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Nestor, Commission provide cemetery funding

Submitted photo Delegate William ‘Ty’ Nestor, representing the State Legislature, presented a $3,000 check to the Maplewood Cemetery and its trustees Tuesday afternoon at the James E. Cain Courthouse Annex. Taking part in the presentation were, from left, Randolph County Commissioners David Kesling, Chris See and Mark Scott, Nestor, and trustees Mark Tomblyn, T.R. Eidell and Mark Talbott.

ELKINS — A local delegate teamed up with the Randolph County Commission Tuesday to provide funding to help maintain a local cemetery.

Delegate William “Ty” Nestor, R-43rd District, chose to award a $3,000 state Local Economic Development Assistance Grant to Maplewood Cemetery to help with repairs, improvements and upkeep of the historic burial ground.

“Delegate Nestor chose the Maplewood Cemetery as the project that needed help in the community,” Randolph County Commission President Mark Scott told The Inter-Mountain Tuesday. “The county commission served as the pass-through for that money and we were happy to present a $3,000 check from Ty Nestor to the trustees of the cemetery.”

Accepting the check from the county commission and Nestor at the James E. Cain Courthouse Annex on Tuesday were Maplewood Cemetery Trustees Mark Tomblyn, T.R. Eidell and Mark Talbott.

“The $3,000 is to be used for the maintenance of the cemetery, which I think is outstanding,” Scott said. “Since the trustees have taken the cemetery over it has improved drastically. So to have the opportunity to give them funds that they need to keep things taken care of up there is pretty exciting. I’m happy for the community and happy that Ty is doing that for them.”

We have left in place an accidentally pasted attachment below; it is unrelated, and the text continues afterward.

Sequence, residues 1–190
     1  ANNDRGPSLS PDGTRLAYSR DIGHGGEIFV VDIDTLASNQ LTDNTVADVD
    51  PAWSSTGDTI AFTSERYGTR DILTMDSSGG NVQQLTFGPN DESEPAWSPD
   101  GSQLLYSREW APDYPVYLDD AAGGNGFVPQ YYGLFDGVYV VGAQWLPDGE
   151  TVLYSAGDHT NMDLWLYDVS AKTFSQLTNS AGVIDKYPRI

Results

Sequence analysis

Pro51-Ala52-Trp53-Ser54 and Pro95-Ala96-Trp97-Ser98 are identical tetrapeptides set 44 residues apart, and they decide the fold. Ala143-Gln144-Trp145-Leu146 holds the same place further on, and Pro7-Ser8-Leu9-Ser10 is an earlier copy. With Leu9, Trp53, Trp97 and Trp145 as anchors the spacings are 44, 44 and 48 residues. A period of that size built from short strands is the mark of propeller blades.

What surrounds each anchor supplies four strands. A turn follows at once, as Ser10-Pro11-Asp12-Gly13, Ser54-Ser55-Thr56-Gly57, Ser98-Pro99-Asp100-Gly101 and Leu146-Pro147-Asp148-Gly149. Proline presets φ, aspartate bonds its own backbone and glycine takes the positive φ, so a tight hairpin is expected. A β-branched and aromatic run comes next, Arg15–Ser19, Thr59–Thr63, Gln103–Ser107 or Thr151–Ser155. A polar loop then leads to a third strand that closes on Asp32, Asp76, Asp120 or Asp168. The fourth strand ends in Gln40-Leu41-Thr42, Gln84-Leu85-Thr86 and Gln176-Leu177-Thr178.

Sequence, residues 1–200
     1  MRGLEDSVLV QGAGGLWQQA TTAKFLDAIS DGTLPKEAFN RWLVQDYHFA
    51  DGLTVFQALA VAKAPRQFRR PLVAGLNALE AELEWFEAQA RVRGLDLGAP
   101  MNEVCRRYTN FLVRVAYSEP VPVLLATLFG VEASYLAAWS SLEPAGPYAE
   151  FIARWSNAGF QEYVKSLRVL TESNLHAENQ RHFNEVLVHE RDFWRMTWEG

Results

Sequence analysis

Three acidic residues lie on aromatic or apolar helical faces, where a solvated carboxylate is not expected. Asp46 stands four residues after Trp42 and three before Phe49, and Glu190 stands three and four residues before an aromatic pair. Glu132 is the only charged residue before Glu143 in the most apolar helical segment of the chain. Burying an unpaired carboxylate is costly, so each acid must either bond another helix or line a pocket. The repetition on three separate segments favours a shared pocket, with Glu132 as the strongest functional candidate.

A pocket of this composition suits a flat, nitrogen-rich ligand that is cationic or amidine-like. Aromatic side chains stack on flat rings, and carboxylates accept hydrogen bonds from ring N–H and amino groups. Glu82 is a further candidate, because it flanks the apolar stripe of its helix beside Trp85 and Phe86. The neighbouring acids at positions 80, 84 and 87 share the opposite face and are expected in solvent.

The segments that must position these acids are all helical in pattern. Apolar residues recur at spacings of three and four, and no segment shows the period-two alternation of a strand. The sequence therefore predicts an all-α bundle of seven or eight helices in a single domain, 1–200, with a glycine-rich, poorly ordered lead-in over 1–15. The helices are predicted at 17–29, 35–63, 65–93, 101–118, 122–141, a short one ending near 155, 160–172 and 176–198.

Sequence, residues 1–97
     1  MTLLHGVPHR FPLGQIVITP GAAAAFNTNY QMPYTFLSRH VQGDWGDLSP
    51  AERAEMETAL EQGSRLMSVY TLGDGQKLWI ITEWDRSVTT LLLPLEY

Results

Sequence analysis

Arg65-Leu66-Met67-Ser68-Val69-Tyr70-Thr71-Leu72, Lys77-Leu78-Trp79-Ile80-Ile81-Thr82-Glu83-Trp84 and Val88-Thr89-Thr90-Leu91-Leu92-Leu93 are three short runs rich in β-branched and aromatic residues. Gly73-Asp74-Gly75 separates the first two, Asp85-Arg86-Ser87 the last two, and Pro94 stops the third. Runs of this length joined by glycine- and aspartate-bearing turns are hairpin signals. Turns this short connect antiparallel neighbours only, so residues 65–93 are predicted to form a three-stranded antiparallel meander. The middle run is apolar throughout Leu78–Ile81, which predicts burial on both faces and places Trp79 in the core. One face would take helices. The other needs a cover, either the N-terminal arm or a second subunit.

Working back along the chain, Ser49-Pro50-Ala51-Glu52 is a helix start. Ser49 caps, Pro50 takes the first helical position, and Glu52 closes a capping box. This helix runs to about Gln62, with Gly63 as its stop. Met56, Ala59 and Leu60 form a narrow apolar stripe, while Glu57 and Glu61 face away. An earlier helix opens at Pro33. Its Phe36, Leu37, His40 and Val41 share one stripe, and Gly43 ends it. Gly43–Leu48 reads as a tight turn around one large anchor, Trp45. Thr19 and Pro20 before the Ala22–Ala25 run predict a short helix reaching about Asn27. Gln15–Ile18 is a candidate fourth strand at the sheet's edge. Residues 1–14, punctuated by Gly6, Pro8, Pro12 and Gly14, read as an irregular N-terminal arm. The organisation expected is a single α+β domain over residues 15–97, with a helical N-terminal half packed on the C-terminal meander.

The cemetery, which features around 88 acres, is located along U.S. 219 just north of Elkins in the Leadsville area near Highland Park. It is the historic graveyard and final resting place of the city’s founders, Stephen B. Elkins and Henry Gassaway Davis.

“The city’s fathers are up in that cemetery and for a while there it was very difficult to keep it maintained because of the owner being sick,” Scott said. “But when the court awarded the trustees the ability to take care of that cemetery, it has improved a great deal. I’m just glad we were able to help them in any way we can, and in this situation we served as a pass-through for the state to get the funds to them.”

Nestor, who was elected to his first term in October 2020, is the first Republican elected to serve the vast majority of Randolph County as a member of the West Virginia House of Delegates in approximately 112 years.

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